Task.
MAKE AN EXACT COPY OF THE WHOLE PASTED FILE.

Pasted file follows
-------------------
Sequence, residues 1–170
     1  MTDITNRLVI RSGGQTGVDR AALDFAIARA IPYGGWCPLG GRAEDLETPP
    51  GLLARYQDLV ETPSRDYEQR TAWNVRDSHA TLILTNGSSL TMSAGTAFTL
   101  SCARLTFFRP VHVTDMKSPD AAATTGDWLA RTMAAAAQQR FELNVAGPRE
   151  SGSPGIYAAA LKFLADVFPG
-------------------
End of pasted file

Sequence, residues 1–170
     1  MTDITNRLVI RSGGQTGVDR AALDFAIARA IPYGGWCPLG GRAEDLETPP
    51  GLLARYQDLV ETPSRDYEQR TAWNVRDSHA TLILTNGSSL TMSAGTAFTL
   101  SCARLTFFRP VHVTDMKSPD AAATTGDWLA RTMAAAAQQR FELNVAGPRE
   151  SGSPGIYAAA LKFLADVFPG